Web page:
by Joris De Smet
April 24, 2011
Are you familiar with the sixth planet in the remote Hoth system? You’re a Star Wars fan roaming a fan site, so of course you are! This planet is, very conveniently, also called Hoth.
How the planet got by the name “Hoth” will probably remain a well-hidden mystery forever. Our educated guess is that the naming was done by a bunch of alien minds that get intoxicated easily in a thin atmosphere, because the planet is as far from “hot” as you can possibly imagine. “Coldh” would have been a far better name and “inhospitable” is an obligatory word in any description of the sodden ice planet.
Hoth is a barren rock of snow and ice and if that’s not enough by itself, the nearby asteroid field will constantly send showers of small meteors to the planet surface to kill off anything that wasn’t yet frozen to death.
But there are still other charming ways to get yourself killed on Hoth. Running into a Wampa is likely to do the trick, for example. The beast is a nasty predator that just can’t keep its paws to itself. The Wampa will usually content itself with Tauntaun on the menu, but certainly won’t say ‘no’ to a good piece of human meat either. And variety does make for a good and healthy diet, so...
I think it’s firmly enough established that you don’t want to go to Hoth unless you have a good big deal of hiding to do. If you’re a small group of Rebels fighting an Empire at the height of its might or had a run-in with the taxman, for instance. But other than that? No way. Go there for a holiday? I’d rather go on a picnic with the Fett family unarmed while I have a price on my head!
And yet this article is precisely about that: a leisure trip to Hoth. Because that’s exactly what Mark Dermul did as soon as he got back from his trip to Tunisia-Tatooine: he jumped on another plane and travelled to the icy plains of Norway, where a number of the outdoor Hoth scenes were filmed for “the Empire Strikes Back”.
I can already hear you think (well, I can’t, obviously, but you know what I mean): Oh come on! If you want a Hoth panorama, you can just as well wait for the snow and ice of your own local winter. Snow looks the same everywhere. You don’t have to go to Norway for that! It tremendously pleasures me to let you know you’re entirely wrong about that.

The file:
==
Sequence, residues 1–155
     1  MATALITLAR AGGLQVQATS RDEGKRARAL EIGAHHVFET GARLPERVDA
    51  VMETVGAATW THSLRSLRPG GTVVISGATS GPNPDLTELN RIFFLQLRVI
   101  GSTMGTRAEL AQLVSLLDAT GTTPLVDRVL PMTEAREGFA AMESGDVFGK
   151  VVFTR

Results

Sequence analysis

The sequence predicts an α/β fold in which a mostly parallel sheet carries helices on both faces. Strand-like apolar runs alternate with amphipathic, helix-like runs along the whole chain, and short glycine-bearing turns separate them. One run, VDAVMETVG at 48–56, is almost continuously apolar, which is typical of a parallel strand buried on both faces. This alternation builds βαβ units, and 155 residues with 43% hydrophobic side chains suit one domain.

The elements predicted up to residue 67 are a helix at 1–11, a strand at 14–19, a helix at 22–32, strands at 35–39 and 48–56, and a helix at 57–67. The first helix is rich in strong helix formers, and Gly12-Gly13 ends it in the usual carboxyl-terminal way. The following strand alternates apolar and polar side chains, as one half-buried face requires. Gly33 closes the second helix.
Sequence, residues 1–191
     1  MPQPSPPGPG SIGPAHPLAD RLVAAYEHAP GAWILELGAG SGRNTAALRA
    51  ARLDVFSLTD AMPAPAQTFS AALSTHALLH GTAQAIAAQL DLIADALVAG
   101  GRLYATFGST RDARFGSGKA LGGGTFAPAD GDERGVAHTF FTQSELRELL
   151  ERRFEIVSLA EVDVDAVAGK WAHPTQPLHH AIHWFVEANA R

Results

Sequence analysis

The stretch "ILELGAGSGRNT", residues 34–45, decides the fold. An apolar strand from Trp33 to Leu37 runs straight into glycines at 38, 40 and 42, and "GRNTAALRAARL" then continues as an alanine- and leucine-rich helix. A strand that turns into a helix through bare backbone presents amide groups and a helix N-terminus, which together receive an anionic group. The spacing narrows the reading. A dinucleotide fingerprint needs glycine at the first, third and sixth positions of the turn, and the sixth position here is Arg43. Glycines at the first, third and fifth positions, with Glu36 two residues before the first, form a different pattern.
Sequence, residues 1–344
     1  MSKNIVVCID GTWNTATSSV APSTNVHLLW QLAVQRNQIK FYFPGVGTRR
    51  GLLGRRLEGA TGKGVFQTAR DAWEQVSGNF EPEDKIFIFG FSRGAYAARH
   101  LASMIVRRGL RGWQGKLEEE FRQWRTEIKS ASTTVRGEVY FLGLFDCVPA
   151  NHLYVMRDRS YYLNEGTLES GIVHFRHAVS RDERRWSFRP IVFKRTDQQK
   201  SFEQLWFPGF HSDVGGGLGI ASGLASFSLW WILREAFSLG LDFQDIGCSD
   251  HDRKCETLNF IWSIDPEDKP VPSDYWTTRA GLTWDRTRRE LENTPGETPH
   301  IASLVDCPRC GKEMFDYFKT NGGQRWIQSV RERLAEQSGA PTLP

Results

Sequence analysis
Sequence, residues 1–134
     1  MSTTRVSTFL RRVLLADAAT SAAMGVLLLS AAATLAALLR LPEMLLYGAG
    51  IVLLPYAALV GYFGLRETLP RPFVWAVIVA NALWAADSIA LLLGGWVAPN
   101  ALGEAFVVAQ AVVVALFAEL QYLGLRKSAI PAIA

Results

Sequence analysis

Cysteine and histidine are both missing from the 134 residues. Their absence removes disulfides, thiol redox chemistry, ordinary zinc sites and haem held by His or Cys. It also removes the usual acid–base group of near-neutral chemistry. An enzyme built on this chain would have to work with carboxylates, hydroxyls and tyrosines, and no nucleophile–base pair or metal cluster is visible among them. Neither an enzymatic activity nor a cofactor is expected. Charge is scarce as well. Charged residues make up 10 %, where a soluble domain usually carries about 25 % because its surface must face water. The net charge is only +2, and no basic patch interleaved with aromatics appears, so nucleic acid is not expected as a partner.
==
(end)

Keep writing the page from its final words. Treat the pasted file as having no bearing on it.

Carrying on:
Granted, the list of movie locations you can actually recognize is –especially when you’d compare with a shooting location like Tunisia-Tatooine– rather limited, but it is still worthwhile to actually go there and especially if you care about the “behind the scenes” aspect of the Star Wars universe.
So what are you getting out of a voyage to Finse, Norway?
Mark plowed the snow until he identified in and around the Hardangerjøkulen glacier area: the Hoth Battlefield, the Echo Base location, the Imperial Probe Droid’s crash landing site and the rock where it auto-destructed, the Shield Generator location, the shelter location where Luke spent a night in the Tauntaun’s innards and the Falcon’s escape path. If you take along some of your Hoth toys (come on, we know you have them!) and you are just a tad handy with camera angles then you will actually be able to re-create some of the memorable ESB scenes with those!
But as I wrote before, the “BTS” content of this trip is probably bigger than anything else. To find the above locations you will just have to check into the Finse 1222 Hotel, which is the exact same hotel where the Lucasfilm crew stayed for the ESB shoot. As a commemorative, the hotel even sports a small museum about that little fact.
Mark, with an unbelievable track record when it comes to such things, was also able to get in touch with one of the original ESB Snowtroopers and as a result one evening meal in Oslo was spent in the good company of Sigbjorn Henanger, who appeared to be a jolly good chap not only willing to share his memories about his filming days but also sign the collectibles the “Hoth Hoppers” had brought with them.
Still thinking a trip to Hoth is an unholy undertaking? I can read from the twinkle in your eye that you are starting to think differently.
If you would actually plan on visiting Hoth, it is a very good idea to pick up the travel guide Mark wrote about this adventure, “the Force in Finse”. Besides the obligatory travel report (with lots of colour pictures) and Hoth GPS locations, you will find everything that you need to prepare for the trip in this book, including a budget calculation, addresses, packing tips and general information about travelling to and in Norway. I dare say this manuscript is a quintessential accessory to your trip.
All information on the book and Mark’s adventures can be found at http://www.markdermul.be/hoth.html.
Feel like wrestling a Wampa or throttling a Tauntaun sliding down a glacier? Go north, go Hoth! And make sure to look me up in the Echo Base cantina when you’re there!
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